We also looked at the ratio of the size of the rental market to the size of Airbnb listings with specific attention to the socioeconomic status (using SEIFA) of each local government area in Melbourne and Sydney. This produced a few interesting observations, which help illustrate how local long term rental housing stock is, or could be, lost by conversion to Airbnb short-term listings.
Location matters when assessing the impacts of airbnb on local rental markets. East pop/Shutterstock
In Sydney, there are no low socio-economic areas (SEIFA scores of 1-5) with high numbers of rental dwellings that also have high numbers of entire house/apartment Airbnb listings. This means that, to date, Airbnb is not displacing the rental stock in the most disadvantaged pockets of the Sydney metropolitan region.
Nevertheless, in a small number of high socio-economic areas (SEIFA scores of 8-10), the Airbnb market (entire listing only) represents sizeable proportions of the rental market. For the beachside location of Waverley (decile 10), for example, the number of Airbnb entire listings is almost equivalent to a quarter of the number of rental dwellings. Similarly, in Manly and Pittwater (both 10), Airbnb entire home listings are about 20% of the rental market size.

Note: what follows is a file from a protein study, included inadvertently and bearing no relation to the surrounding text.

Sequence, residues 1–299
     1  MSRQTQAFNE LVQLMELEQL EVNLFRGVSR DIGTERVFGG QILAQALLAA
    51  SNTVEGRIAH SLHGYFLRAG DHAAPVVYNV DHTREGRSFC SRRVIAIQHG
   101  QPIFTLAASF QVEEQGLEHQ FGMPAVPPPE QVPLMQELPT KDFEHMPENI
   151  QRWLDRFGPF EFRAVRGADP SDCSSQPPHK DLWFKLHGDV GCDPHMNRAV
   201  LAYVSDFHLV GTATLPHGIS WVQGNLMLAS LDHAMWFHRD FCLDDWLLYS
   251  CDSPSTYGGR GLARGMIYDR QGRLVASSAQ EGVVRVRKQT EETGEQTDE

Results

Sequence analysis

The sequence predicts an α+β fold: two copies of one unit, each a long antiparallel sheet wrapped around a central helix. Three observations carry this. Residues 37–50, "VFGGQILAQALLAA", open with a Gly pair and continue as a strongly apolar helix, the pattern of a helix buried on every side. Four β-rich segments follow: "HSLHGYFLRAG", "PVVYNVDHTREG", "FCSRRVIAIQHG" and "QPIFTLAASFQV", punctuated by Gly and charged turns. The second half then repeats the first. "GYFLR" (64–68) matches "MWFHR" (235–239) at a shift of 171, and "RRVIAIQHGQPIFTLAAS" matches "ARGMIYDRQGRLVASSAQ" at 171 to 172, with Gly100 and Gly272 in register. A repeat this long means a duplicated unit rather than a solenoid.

In other words, considering the very small size of Airbnb in comparison to the total rental market in Sydney – less than 3.5% – the overall impact can be expected to be minimal. However, the impact is not equally distributed, either geographically or socio-economically.
Indeed, the impact of Airbnb on the rental market is of concern in a limited number of areas in Sydney, mainly strategic tourism locations such as beachside areas. Although these are at the highest end of socio-economic spectrum, there is a danger of some local residents being pushed out of the most sought-after areas so tourists can move in.
The pattern in Melbourne is slightly different or, in a sense, less intense than in Sydney. Again, the general trend of high Airbnb listings in high socio-economic areas is observed.
The Melbourne CBD, which has a SEIFA score of 8, has the most Airbnb entire house/apartment listings. These listings represent the highest proportion, about 8%, when compared to the size of the local rental market. The pressure on the rental market, then, is far less than what we see in popular Airbnb spots in Sydney, such as Waverley, Manly and Pittwater.
We also see in Melbourne that popular rental areas in lower SEIFA areas have low numbers of entire house/apartment Airbnb listings. This confirms the Sydney hypothesis that the loss of rental supply is not yet a major concern at the lower end of the rental market.
The patterns we observed suggest that the pressure Airbnb puts on the rental market – at least at this point of time – is limited to a small number of high-end areas, mainly locations that are attractive to tourists. This represents a concern in terms of rental supply in these areas, where some local residents in the long-term rental market might be losing out to the short-term tourism market.
The authors do not work for, consult, own shares in or receive funding from any company or organization that would benefit from this article, and have disclosed no relevant affiliations beyond their academic appointment.